THE ORATORY OF ANGLO-SAXON COUNTRIES
By Edward A. Allen, Professor of Anglo-Saxon and English Literature in the University of Missouri
English-speaking people have always been the freest people, the greatest lovers of liberty, the world has ever seen. Long before English history properly begins, the pen of Tacitus reveals to us our forefathers in their old home-land in North Germany beating back the Roman legions under Varus, and staying the progress of Rome's triumphant car whose mighty wheels had crushed Hannibal, Jugurtha, Vercingetorix, and countless thousands in every land. The Germanic ancestors of the English nation were the only people who did not bend the neck to these lords of all the world besides. In the year 9, when the Founder of Christianity was playing about his humble home at Nazareth, or watching his father at work in his shop, our forefathers dealt Rome a blow from which she never recovered. As Freeman, late professor of history at Oxford, said in one of his lectures: "In the blow by the Teutoburg wood was the germ of the Declaration of Independence, the germ of the surrender of Yorktown." Arminius was our first Washington, "haud dubie liberator," as Tacitus calls him,—the savior of his country.
When the time came for expansion, and our forefathers in the fifth century began the conquest and settlement of the island that was to become their New England, they pushed out the Celts, the native inhabitants of the island, just as their descendants, about twelve hundred years later, were to push out the indigenous people of this continent, to make way for a higher civilization, a larger destiny. No Englishman ever saw an armed Roman in England, and though traces of the Roman conquest may be seen everywhere in that country to-day, it is sometimes forgotten that it was the Britain of the Celts, not the England of the English, which was held for so many centuries as a province of Rome.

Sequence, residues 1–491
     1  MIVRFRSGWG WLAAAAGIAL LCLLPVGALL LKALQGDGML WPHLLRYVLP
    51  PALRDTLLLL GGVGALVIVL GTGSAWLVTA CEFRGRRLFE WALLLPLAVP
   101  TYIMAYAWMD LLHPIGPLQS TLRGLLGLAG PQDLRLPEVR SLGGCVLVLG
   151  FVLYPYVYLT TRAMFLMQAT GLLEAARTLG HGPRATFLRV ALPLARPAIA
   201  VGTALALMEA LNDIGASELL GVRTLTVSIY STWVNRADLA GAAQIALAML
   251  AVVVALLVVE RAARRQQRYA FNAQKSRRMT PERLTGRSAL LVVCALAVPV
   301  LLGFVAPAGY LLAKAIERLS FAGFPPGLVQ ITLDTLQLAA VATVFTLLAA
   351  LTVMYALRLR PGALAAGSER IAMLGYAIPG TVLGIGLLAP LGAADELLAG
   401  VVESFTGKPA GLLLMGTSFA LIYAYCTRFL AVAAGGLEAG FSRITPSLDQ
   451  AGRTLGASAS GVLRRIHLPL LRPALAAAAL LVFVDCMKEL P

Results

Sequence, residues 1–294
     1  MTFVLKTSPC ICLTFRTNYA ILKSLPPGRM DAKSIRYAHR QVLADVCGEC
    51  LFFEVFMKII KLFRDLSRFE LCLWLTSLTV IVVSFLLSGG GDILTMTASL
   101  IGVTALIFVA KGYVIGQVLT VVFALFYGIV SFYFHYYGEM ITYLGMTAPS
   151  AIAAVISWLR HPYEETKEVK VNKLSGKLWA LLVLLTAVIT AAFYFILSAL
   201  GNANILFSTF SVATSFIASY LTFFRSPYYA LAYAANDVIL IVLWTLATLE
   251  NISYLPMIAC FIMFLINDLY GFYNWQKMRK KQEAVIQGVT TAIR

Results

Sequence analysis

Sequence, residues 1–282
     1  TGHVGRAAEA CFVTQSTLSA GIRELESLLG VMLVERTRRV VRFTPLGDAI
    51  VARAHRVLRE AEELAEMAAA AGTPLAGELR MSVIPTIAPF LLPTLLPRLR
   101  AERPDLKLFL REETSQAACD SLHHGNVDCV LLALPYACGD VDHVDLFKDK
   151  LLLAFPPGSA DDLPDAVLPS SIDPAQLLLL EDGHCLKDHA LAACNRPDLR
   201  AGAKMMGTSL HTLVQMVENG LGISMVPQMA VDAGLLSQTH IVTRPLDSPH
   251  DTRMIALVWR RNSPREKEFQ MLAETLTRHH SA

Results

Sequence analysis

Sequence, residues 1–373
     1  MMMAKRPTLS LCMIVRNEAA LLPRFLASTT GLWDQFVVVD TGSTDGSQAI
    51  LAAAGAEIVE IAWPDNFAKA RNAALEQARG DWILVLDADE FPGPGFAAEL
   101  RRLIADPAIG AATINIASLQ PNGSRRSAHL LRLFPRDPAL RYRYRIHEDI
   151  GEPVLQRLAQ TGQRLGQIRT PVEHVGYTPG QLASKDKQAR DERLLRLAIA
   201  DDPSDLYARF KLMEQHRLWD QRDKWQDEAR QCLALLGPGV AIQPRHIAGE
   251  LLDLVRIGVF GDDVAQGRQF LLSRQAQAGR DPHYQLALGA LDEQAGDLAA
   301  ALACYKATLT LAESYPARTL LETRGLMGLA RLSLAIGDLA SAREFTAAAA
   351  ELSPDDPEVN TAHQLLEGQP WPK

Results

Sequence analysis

The same love of freedom that resisted the Roman invasion in the first home of the English was no less strong in their second home, when Alfred with his brave yeomen withstood the invading Danes at Ashdown and Edington, and saved England from becoming a Danish province. It is true that the Normans, by one decisive battle, placed a French king on the throne of England, but the English spirit of freedom was never subdued; it rose superior to the conquerors of Hastings, and in the end English speech and English freedom gained the mastery.
The sacred flame of freedom has burned in the hearts of the Anglo-Saxon race through all the centuries of our history, and this spirit of freedom is reflected in our language and in our oratory. There never have been wanting English orators when English liberty seemed to be imperiled; indeed, it may be said that the highest oratory has always been coincident with the deepest aspirations of freedom.
It is said of Pitt,—the younger, I believe,—that he was fired to oratory by reading the speeches in Milton's 'Paradise Lost.' These speeches—especially those of Satan, the most human of the characters in this noble epic,—when analyzed and traced to their source, are neither Hebrew nor Greek, but English to the core....